IDEAS home Printed from
MyIDEAS: Login to save this paper or follow this series

Globalization and the WTO Dispute Settlement Mechanism: Making a Rules-based Trading Regime Work

  • Khan, Haider
  • Liu, Yibei

We discuss thje role of the dispute settlement mechanism (DSM) of the World Trade Organization (WTO) in the context of a complex characterization of globalization.The dispute settlement mechanism (DSM) of the World Trade Organization (WTO) is at present a controversial exercise at the international level. Reasonable people disagree as to whether it has enhanced and maintained equality between developing and developed countries. Through examining its concrete provisions, procedures and several important factors such as resource availability and political influence outside the WTO, it can be found that there are conditions under which the new rule-based DSM can indeed contribute to promoting developing countries’ status in the system . Consequently, it can provide them with more power to defend their own interests. However, the DSM still does not eliminate the power-based relationships among countries. Developing countries are still affected by biases, which stem from several sources such as high financial and legal resource costs, political pressure generated outside the WTO, declarative WTO legal provisions, etc..A reformed WTO with less asymmetry of power will result in a higher level of global social welfare.

If you experience problems downloading a file, check if you have the proper application to view it first. In case of further problems read the IDEAS help page. Note that these files are not on the IDEAS site. Please be patient as the files may be large.

File URL:
File Function: original version
Download Restriction: no

Paper provided by University Library of Munich, Germany in its series MPRA Paper with number 7613.

in new window

Date of creation: 2008
Date of revision: 2008
Handle: RePEc:pra:mprapa:7613
Contact details of provider: Postal: Schackstr. 4, D-80539 Munich, Germany
Phone: +49-(0)89-2180-2219
Fax: +49-(0)89-2180-3900
Web page:

More information through EDIRC

References listed on IDEAS
Please report citation or reference errors to , or , if you are the registered author of the cited work, log in to your RePEc Author Service profile, click on "citations" and make appropriate adjustments.:

as in new window
  1. Jackson, John H, 1998. "Dispute Settlement and the WTO: Emerging Problems," Journal of International Economic Law, Oxford University Press, vol. 1(3), pages 329-51, September.
  2. Narlikar, Amrita, 2005. "The World Trade Organization: A Very Short Introduction," OUP Catalogue, Oxford University Press, number 9780192806086, July.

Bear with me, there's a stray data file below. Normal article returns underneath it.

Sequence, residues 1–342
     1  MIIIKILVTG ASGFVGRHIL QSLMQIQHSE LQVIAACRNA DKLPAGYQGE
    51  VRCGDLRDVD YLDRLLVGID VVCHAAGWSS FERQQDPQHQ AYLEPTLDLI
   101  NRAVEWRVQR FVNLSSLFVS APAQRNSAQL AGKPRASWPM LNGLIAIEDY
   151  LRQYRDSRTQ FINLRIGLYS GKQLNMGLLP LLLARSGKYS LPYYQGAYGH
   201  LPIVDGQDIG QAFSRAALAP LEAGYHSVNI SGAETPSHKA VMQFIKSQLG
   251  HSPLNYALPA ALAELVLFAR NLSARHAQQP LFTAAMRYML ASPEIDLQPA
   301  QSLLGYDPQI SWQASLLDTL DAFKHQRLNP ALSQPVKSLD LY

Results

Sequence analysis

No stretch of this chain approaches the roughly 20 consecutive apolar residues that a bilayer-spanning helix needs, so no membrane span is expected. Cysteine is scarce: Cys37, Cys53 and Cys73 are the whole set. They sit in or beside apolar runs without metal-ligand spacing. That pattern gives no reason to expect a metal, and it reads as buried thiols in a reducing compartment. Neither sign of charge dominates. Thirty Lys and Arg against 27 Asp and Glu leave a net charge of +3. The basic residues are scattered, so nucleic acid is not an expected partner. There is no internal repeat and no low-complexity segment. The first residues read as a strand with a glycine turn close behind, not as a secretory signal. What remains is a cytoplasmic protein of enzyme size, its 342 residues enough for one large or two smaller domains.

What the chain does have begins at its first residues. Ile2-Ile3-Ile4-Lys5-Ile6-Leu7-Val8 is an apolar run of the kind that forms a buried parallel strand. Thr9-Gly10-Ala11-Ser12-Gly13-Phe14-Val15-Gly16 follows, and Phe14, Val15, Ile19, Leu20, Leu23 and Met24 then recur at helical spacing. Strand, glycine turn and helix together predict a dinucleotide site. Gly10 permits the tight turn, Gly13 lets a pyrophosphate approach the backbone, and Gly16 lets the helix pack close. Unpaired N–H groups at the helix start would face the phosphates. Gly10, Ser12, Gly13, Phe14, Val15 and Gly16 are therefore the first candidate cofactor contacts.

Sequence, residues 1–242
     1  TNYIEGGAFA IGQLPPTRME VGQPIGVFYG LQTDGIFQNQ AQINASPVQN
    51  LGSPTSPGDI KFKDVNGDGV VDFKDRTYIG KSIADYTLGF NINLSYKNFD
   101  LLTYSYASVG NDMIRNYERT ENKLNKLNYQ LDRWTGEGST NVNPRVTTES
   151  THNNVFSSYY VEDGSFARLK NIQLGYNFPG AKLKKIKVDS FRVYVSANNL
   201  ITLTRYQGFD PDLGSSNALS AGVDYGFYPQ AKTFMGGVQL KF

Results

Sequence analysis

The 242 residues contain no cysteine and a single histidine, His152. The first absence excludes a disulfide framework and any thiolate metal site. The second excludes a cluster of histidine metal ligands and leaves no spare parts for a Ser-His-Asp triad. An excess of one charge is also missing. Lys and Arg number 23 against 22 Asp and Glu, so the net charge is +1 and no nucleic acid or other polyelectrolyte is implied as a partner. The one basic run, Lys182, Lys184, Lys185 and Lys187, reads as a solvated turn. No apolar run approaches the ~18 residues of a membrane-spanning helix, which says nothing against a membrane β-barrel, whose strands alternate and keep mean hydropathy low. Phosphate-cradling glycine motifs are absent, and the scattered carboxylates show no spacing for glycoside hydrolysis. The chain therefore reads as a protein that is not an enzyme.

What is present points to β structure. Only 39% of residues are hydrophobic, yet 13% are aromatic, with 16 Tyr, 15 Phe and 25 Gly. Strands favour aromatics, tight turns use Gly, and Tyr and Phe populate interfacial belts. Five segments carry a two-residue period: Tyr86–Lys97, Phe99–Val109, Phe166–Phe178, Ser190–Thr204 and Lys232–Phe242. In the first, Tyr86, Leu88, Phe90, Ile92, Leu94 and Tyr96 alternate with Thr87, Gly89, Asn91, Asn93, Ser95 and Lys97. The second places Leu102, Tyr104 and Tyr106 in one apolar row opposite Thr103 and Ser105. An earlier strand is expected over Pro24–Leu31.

3. Chad P. Bown, 2004. "Developing Countries as Plaintiffs and Defendants in GATT/WTO Trade Disputes," The World Economy, Wiley Blackwell, vol. 27(1), pages 59-80, 01.
  4. Constantine Michalopoulos, 1999. "The Developing Countries in the WTO," The World Economy, Wiley Blackwell, vol. 22(1), pages 117-143, 01.
  5. Holmes, Peter & Rollo, Jim & Young, Alasdair R., 2003. "Emerging trends in WTO dispute settlement : back to the GATT?," Policy Research Working Paper Series 3133, The World Bank.
  6. William J. Davey, 2005. "The WTO Dispute Settlement System: The First Ten Years," Journal of International Economic Law, Oxford University Press, vol. 8(1), pages 17-50, March.
  7. Shaffer, Gregory, 2006. "The challenges of WTO law: strategies for developing country adaptation," World Trade Review, Cambridge University Press, vol. 5(02), pages 177-198, July.
Full references (including those not matched with items on IDEAS)

This item is not listed on Wikipedia, on a reading list or among the top items on IDEAS.

When requesting a correction, please mention this item's handle: RePEc:pra:mprapa:7613. See general information about how to correct material in RePEc.

For technical questions regarding this item, or to correct its authors, title, abstract, bibliographic or download information, contact: (Ekkehart Schlicht)

If you have authored this item and are not yet registered with RePEc, we encourage you to do it here. This allows to link your profile to this item. It also allows you to accept potential citations to this item that we are uncertain about.

If references are entirely missing, you can add them using this form.

If the full references list an item that is present in RePEc, but the system did not link to it, you can help with this form.

If you know of missing items citing this one, you can help us creating those links by adding the relevant references in the same way as above, for each refering item. If you are a registered author of this item, you may also want to check the "citations" tab in your profile, as there may be some citations waiting for confirmation.

Please note that corrections may take a couple of weeks to filter through the various RePEc services.

This information is provided to you by IDEAS at the Research Division of the Federal Reserve Bank of St. Louis using RePEc data.